The day was just like any other day. I was home from school for the Christmas holidays. My brothers Ochai and Ogbe were coming home from their schools that day. Ochai was coming by road from Calabar and Ogbe by air from Abuja. We were all excited, but my mum was the most excited, ”My boys are coming home”, she kept saying throughout the week, she was so happy, we all were . We made chicken stew and Egusi soup which they both loved, we cleaned the house and looked forward to a blissful Christmas. We just couldn’t wait.
That afternoon, my Dad went to the airport to pick Ogbe and my sister was at a Christmas party at her school, so it was just my mum and I at home. I remember we were watching the Miss World competition. I remember that it was Omowunmi Akinnifesi that was representing us. I remember my mum ‘yabbing’ some of the contestants. She had also been feeling uneasy and she kept wondering what was keeping my dad. She called him and she couldn’t understand what he was saying, all she could make out was ‘I don’t know how to tell you’, he kept saying amidst his sobbing and wailing. Immediately she jumped up, ran to her room, wore her green bubu (she doesn’t wear it again), and drove out of the compound all the while saying, ‘God, let nothing happen to my boy, not my boy Ogbe’.
I was left alone. By now I knew something was wrong. I tried to pray but I couldn’t. I remember everything vividly. I put on the radio and by then the news was on. A plane carrying school children had crashed at Port-Harcourt International Airport. I called my father to confirm, ‘Daddy, is it true?’, I asked, hoping it was all a sick joke, ‘It’s true, my son Ogbe is no more in this world. Ogbe is gone’. He replied. hmmm… am not sure I can accurately describe what I felt, but i’ll try. My heart dropped. It was such a horrible terrible feeling.
What followed was denial, then shock, then the slow realization that all the people in your house were actually sympathisers, that the wailing and weeping wasn’t for nothing. Yup, someone had died. And death is as final as it gets.The days that followed were a blur, nothing seemed real except for the pain. The pain was and is still so real. It’s sharp, acute and physical. Nothing, absolutely nothing can hurt the way the death of a loved one can.
Ogbe Daniel Okpe was 13 (June 11, 1992-Dec. 10, 2005). Ogbe was a star. a genius. a clown. He was the light in our home and when he passed, the light went out. He was good at everything, sports, science, arts, clowning around and making people laugh, there was never a dull moment with him around. He wanted to be an aeronautical engineer from his childhood and he always told my mum he would build her a car that could fly because she always complained about traffic.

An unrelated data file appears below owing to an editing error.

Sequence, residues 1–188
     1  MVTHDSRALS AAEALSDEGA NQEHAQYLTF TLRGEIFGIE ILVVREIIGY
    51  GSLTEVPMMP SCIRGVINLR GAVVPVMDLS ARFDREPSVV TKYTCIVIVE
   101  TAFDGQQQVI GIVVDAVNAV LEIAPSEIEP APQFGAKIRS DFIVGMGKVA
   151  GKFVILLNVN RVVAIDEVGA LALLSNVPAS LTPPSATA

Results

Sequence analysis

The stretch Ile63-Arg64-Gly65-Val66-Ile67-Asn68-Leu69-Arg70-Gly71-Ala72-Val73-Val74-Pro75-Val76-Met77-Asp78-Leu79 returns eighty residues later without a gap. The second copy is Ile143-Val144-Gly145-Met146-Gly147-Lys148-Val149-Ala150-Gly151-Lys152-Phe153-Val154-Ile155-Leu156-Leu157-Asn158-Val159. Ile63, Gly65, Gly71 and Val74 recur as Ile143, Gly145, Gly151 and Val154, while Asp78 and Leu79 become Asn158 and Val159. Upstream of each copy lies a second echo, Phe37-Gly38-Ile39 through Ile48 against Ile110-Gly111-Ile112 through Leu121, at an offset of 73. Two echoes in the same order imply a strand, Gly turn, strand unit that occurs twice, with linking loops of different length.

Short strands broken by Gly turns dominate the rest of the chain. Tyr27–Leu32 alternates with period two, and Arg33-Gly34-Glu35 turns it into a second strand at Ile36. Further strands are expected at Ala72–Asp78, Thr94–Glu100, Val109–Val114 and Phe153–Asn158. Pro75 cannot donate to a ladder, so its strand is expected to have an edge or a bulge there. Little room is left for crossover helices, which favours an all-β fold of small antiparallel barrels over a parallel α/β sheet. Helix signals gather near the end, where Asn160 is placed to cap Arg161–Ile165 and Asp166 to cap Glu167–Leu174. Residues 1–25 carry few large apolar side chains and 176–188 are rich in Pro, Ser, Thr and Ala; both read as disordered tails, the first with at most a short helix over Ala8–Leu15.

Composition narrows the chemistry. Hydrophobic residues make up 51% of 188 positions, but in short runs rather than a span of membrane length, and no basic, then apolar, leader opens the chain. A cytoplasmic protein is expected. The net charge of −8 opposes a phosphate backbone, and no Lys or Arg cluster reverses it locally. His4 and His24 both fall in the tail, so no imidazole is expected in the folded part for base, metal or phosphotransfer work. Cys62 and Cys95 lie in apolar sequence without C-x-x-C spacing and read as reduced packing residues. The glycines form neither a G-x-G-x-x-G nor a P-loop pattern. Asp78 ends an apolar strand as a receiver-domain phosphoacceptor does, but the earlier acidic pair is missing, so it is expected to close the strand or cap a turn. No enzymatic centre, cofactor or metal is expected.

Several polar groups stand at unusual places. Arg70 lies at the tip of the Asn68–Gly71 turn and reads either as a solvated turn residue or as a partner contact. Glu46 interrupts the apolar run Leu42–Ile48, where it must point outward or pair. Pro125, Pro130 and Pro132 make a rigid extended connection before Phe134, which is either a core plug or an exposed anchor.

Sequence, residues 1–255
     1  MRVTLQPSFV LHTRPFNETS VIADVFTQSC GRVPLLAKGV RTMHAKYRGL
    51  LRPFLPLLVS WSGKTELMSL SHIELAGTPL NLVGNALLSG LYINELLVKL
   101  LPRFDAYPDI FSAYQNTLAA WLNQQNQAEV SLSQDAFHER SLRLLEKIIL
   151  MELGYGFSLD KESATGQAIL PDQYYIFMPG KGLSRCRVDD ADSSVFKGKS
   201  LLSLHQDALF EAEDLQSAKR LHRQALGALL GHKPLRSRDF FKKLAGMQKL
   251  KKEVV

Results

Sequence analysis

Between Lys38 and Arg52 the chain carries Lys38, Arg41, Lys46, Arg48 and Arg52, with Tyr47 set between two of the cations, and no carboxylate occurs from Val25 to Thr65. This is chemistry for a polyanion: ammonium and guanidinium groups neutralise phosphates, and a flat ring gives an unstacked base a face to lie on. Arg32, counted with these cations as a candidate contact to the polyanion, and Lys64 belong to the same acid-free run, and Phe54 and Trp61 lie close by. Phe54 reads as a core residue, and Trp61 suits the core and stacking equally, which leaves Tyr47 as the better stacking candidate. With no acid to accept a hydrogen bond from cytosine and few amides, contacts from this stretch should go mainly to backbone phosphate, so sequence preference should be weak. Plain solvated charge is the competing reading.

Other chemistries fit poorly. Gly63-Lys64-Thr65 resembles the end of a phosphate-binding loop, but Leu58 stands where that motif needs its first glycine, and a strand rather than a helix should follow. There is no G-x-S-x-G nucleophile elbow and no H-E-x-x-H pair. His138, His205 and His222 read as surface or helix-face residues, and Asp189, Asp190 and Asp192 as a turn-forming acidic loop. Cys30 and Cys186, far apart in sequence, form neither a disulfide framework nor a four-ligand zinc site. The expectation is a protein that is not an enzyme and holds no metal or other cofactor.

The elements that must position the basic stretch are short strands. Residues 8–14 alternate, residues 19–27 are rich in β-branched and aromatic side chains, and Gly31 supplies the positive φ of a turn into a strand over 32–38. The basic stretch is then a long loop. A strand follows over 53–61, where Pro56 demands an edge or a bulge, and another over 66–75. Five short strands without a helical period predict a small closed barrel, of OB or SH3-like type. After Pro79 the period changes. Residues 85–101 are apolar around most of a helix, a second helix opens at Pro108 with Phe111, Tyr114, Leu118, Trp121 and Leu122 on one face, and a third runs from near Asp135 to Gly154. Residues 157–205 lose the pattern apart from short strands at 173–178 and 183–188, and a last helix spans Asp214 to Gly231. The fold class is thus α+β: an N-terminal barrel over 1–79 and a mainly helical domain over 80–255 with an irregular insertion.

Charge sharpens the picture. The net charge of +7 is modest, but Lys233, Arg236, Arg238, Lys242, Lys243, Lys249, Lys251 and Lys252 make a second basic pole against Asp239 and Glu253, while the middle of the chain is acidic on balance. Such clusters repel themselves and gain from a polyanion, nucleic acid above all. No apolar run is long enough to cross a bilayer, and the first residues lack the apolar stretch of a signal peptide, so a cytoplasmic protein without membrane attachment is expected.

Sosoliso (the name should have warned us) flight 1145 crash landed at Port-Harcourt International Airport, burst into flames and there was no water at the airport. No water and no emergency services, that tragedy could have been avoided 100%. The plane crash killed 103 including 60 students of Loyola Jesuit College, Abuja,(some of the brightest minds of their generation), Pastor Mrs Bimbo Odukoya, Rev. Fr Aloysius Obi (who baptized my brother and 12 of his classmates) and so many others. Two people survived that crash, one of them the beautiful Kechi Okwuchi who remains an inspiration to all of us.
Its been 5 years since that horrible tragedy took place. In those 5 years, we have grown stronger and wiser. Death has a way of maturing you and also teaching you that nothing on this earth lasts forever. We have also grown deeper in our faith. A lot of people asked us why God would allow something like that, but God has not said we won’t face trials, He promised to be with us through the waters and through the fire (Isaiah 43:2) and He was with us. He brought us through and we are stronger than ever. 5 years on and I ask myself if anything has changed. Sadly, nothing has. Nigerians still die unnecessarily and there seems to be no solution. We haven’t learnt from the mistakes of the past and Nigeria’s future is paying heavily for that.
Even though the tears still flow and we still miss them, we will not spend our time thinking about what could have been. We will honour their memories by living life to the fullest and refusing to give up on this geographical mass called Nigeria for by giving up they would have died for nothing.
So this piece is dedicated to all those whose lives were changed that day, Families, friends, schoolmates, colleagues, teachers and even those who didn’t know anyone on that flight, but have faced some sort of tragedy because of our failed system, keep holding on, keep being strong and let’s honour their memories by fighting to make Nigeria a better place.